Since my husband, John, and I retired, we are now free to spend more time on “Grandparent duties.” Things like taking kids to the dentist so Mom doesn’t have to take off work. Or running forgotten things to the school, like homework or a Chrome book.
One thing I enjoy the most is meeting my grandkids at their schools for lunch. Parents don’t usually have this luxury. So, me and John showing up with a restaurant lunch is a special treat.
When we take lunch to my son Zach’s kids, it’s an all-day affair. He has four children, and three of them are at the same school. When we go see the young ones, we’re there for the long haul. The ladies in the front office laugh when they see us coming, loaded down like a pack mule.
Telling them we’ll come can seem like a small thing, a promise easily broken. After all, I justify to myself, I can always go next week. Missing a particular day is no big deal.
But I saw firsthand how wrong that assumption is.
Last week was Grandparents’ Day at Zach’s kids’ school. Liam, the oldest of the three, asked if we could come. John had plans, but of course, I said I’d be there.
Because it was Grandparents’ Day, a line had formed in the front office.
I headed down to the lunchroom to get a table while a runner went for the boys. Because of the delay, Alice’s class was already seated by the time I arrived. Usually, we’re there waiting for them, and we surprise them as they’re walking in from recess. But Liam told the other two we would be there, so Alice watched the door, waiting for me to come in.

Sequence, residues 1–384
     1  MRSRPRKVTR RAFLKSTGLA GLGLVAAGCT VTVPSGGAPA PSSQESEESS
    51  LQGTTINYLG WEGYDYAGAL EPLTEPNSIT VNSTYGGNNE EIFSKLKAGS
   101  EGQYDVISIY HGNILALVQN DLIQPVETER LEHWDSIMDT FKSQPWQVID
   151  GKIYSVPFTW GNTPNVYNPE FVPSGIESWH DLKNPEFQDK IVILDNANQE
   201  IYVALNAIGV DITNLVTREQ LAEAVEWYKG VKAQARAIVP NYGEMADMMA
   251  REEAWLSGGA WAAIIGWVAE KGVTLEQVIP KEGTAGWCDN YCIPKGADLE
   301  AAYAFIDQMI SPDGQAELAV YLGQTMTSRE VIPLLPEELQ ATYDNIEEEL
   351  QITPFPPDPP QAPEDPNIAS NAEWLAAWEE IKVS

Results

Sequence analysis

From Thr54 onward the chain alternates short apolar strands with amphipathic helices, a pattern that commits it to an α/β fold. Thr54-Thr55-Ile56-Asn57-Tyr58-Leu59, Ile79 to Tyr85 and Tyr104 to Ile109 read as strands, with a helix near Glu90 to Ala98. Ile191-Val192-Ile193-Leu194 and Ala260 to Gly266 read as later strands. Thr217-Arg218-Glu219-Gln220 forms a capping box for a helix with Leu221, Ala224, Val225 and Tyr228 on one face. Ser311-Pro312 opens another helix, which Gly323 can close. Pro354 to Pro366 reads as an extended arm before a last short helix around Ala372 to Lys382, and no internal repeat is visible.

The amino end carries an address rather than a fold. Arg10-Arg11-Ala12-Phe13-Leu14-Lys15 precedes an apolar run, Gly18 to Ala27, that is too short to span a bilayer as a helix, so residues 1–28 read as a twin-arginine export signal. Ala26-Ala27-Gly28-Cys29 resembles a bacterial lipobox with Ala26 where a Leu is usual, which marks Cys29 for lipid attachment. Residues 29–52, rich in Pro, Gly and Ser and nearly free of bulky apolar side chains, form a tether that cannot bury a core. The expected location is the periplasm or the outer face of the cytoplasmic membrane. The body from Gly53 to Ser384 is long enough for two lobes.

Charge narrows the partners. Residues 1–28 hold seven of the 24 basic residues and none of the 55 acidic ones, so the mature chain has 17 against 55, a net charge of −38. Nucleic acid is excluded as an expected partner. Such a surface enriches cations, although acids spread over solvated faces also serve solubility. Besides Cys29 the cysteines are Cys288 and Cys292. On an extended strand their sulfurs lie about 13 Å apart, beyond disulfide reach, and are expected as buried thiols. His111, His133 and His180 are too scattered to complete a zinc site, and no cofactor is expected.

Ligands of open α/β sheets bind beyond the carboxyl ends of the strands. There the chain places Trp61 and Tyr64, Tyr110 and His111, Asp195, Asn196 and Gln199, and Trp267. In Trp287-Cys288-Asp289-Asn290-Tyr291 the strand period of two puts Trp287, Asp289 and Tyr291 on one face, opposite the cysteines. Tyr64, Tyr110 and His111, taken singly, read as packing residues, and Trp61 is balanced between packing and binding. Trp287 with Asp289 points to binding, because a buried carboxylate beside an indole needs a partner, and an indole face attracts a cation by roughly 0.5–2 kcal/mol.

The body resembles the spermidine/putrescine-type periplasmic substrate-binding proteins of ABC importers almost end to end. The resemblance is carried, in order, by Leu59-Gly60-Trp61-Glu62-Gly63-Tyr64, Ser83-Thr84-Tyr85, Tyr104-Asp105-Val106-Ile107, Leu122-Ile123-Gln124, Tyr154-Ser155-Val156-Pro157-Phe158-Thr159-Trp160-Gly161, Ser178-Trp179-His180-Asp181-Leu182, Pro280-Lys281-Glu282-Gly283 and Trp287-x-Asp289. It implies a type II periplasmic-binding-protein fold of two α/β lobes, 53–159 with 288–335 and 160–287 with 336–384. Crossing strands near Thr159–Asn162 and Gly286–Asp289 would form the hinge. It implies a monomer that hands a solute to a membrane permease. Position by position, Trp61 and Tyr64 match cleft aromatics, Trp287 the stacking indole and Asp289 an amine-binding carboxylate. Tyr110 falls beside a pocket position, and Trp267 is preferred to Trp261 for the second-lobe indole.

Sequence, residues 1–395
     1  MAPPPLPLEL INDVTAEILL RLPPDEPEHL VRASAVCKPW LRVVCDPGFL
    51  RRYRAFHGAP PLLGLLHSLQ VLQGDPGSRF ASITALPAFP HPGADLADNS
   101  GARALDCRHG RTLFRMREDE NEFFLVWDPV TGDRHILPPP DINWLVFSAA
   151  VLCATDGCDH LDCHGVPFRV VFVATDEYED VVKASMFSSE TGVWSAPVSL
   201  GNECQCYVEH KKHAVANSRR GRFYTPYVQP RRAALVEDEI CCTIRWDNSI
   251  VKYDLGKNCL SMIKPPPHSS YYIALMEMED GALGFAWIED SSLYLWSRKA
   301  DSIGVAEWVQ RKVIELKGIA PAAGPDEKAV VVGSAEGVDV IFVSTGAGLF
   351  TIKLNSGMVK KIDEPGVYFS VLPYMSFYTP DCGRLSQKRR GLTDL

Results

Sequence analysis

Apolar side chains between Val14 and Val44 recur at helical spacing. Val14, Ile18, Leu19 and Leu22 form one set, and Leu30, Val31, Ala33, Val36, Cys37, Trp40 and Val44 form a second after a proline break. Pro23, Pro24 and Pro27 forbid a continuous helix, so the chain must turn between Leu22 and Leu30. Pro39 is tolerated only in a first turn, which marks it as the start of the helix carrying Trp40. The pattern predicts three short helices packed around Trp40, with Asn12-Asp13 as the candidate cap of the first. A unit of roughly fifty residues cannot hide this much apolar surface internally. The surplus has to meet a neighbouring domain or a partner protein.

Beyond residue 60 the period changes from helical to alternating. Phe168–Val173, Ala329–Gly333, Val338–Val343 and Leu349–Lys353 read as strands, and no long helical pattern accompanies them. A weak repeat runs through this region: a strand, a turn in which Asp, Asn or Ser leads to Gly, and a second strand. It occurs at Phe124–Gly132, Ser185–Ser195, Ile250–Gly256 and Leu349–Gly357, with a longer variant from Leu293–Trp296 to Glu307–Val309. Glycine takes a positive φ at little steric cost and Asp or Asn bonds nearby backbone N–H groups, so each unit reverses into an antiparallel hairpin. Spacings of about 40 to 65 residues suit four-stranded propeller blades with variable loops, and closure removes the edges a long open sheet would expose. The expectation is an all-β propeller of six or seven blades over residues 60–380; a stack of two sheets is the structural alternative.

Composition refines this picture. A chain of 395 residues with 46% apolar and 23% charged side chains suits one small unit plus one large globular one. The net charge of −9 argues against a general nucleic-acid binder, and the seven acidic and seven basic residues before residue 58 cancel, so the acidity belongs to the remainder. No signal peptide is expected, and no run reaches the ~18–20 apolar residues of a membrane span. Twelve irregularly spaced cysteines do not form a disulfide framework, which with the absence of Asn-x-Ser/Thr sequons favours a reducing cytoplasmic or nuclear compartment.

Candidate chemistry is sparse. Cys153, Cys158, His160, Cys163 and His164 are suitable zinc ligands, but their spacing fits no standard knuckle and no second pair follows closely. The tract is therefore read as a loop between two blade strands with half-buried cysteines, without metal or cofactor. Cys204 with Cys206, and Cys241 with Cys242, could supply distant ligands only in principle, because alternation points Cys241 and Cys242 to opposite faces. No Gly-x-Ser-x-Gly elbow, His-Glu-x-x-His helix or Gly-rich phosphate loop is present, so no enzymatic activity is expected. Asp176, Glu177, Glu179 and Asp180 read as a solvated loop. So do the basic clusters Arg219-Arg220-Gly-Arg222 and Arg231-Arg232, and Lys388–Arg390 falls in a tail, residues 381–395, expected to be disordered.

She had just turned away when I entered, so she didn’t see me. Her shoulders slumped. She crossed her arms on the table and laid her head on them. Was she upset? I snuck up behind her, covered her eyes with my hands, and said, “Guess who’s here?”
When she lifted her face and turned toward me, a grin split her face from ear to ear, but a lone tear slipped down her cheek. She thought I wasn’t coming. She thought I had broken my promise. With a quick hug, all was made right in the world. We headed to the parents’ table, where the boys soon joined us.
What if I’d changed my mind? What if I told myself, “You’re busy . . . so many things to do today. Just go next week?” Alice’s tear gave the answer to that question.
One thing we can always trust in is God. He always keeps His promises. The Bible tells us, “He remains faithful. He cannot deny Himself.” 2 Timothy 2:13.
In Deuteronomy 31:8, God promised to never leave us or forsake us. Never will He leave sitting at the lunch table wondering where He is.
This knowledge of God’s faithfulness gets me through tough times. When I feel like life spins out of control or wonder why events didn’t pan out the way I expected, I fall back on this belief. God has promised to work all things out to the good of those who love him (Romans 8:28).
But best of all, nothing I can ever do will cause Him to stop loving me. One of my favorite verses in the Bible says this:
38 For I am convinced that neither death nor life, neither angels nor demons, neither the present nor the future, nor any powers, 39 neither height nor depth, nor anything else in all creation, will be able to separate us from the love of God that is in Christ Jesus our Lord. Romans 8:38-39
That’s a powerful promise. And if ever I forget it and lay my head down to cry, I know God will come up behind me and say, “Guess who’s here?”